- Respectful to patients’ values, preferences, and expressed needs;
- Coordinated and integrated;
- Provide information, communication, and education;
- Ensure physical comfort;
- Provide emotional support—relieving fear and anxiety; and
- Involve family and friends3.
Waiting room décor/Consultation room layout
Creating a physical environment where the client feels invited, welcome and relaxed ensures that the first impression is positive. Soothing colours, comfortable chairs, approachable and knowledgeable reception staff are the initial interactions a client will have with a practice. The physical layout of the health practitioner’s consultation room will enhance the perception that the client feels equal to and engaged with the clinician1. Seating which ensure no barriers between client and clinician on an equal level ensures that an unspoken message of dominance or disinterest is reduced1. These practices enable the effective delivery of the following processes.
Questioning approach by the practitioner
The health care professional engages the client to determine what is important to him/her, how the client feels about the presenting issue/disease process and what expectations he/she has for future care4. Open, non-judgmental body language and spoken word helps to ensure that the client feels respected and that opinions and values expressed will be considered in treatment5. Goal orientated care that incorporates the client’s priorities and needs, can be achieved in this way. Longer consultations will also ensure the client has time to feel heard and map strategies. Communication is needed to build on client successes and provide support and encouragement at every stage of the medical journey.
Coordination of care across disciplines
The medical landscape is a daunting journey for clients and families when left to navigate numerous specialties that often do not communicate effectively. Coordinated care led by the client’s goals, directed and guided by the clinician can enhance the client’s health efficacy leading to effective self management2. Regular follow-up and assessment support the client in knowing that they have not been left to negotiate the medical landscape alone. Health efficacy is supported in this environment by building on success. Successful negotiation of any situation will build the clients confidence to manage a following situation or event.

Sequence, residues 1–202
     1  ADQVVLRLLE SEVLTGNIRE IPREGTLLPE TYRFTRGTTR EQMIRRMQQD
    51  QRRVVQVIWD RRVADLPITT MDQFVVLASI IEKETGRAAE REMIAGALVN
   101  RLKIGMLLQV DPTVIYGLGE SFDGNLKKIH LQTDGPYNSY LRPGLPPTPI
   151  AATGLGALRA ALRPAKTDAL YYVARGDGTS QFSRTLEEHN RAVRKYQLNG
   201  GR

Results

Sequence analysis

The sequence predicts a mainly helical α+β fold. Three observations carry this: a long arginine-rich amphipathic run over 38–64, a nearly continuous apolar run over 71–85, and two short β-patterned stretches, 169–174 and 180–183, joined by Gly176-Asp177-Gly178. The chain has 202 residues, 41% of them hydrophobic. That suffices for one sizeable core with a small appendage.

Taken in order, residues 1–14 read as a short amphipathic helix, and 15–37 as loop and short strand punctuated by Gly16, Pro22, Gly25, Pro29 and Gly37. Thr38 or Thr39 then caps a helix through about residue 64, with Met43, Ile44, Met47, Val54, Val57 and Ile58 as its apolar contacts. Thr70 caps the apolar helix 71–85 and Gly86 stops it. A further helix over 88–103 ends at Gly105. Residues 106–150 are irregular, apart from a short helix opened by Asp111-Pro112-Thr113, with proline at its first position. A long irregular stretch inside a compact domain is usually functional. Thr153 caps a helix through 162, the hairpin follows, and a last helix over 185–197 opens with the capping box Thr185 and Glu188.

Shared medical appointments
Group medical visits or Shared Medical Appointments are an individual medical consultation carried out in a group environment. In this situation clients are learning from the experience of other clients, receiving extended time with the medical practitioner and are encouraged to be more proactive in their own care and management6. Clients in these appointments are on a more equal footing with the health care provider in a cooperative setting where the medical professional has greater exposure to the social setting and circumstances of the clients6. These appointments can be clinically specific or heterogeneous across numerous chronic diseases. The advantage of mixed medical groups is that many clients have more than one chronic condition they are managing. Group based education sessions for clients has been shown to also be an effective means of enhancing health efficacy and self-management practices2. Shared medical appointments and group education have the effect of enhancing the client’s ability to develop the skills necessary to manage the numerous disease related problems that arise in day to day living. Being exposed to others who are managing a chronic disease effectively is a principle important in building self and health efficacy2.
Health efficacy is an important aspect of self-management of chronic disease; clients need to feel empowered to ask questions, set goals, find resources and feel respected even if their goals do not align with the medical practitioner. The decisions clients make every day affect the outcomes of their disease process. In an environment that encourages the client to be the ‘expert’ with a supportive medical team they can achieve their own goals and live a fulfilled life.
- Egger G. BA, Rossner S. Life Style Medicine Managing Diseases of Lifestyle in the 21st Century. 2nd ed. Australia: McGraw-Hill Australia Pty Ltd; 2011 2011.
- Marks R, Allegrante JP. A Review and Synthesis of Research Evidence for Self-Efficacy-Enhancing Interventions for Reducing Chronic Disability: Implications for Health Education Practice (Part II). Health Promotion Practice. 2005 April 1, 2005;6(2):148-56.
- Medicine Io. Crossing the Quality Chasm: A New Health System for the 21st Century. Washington, DC: The National Academies Press; 2001. 360 p.
- Margaret Gerteis SE-L, Jennifer Daley, Thomas L. Delbanco. Through the Patient’s Eyes. San Francisco, California: Jossey-Bass; 1993. 317 p.
- Barry MJMD, Edgman-Levitan SPA. Shared Decision Making — The Pinnacle of Patient-Centered Care. The New England Journal of Medicine. 2012 2012 Mar 01;366(9):780-1. PubMed PMID: 926183252; 22375967. English.
- Lavoie JG, Wong ST, Chongo M, Browne AJ, MacLeod MLP, Ulrich C. Group medical visits can deliver on patient-centred care objectives: results from a qualitative study. BMC Health Services Research. 2013;13:155-. PubMed PMID: 23627609.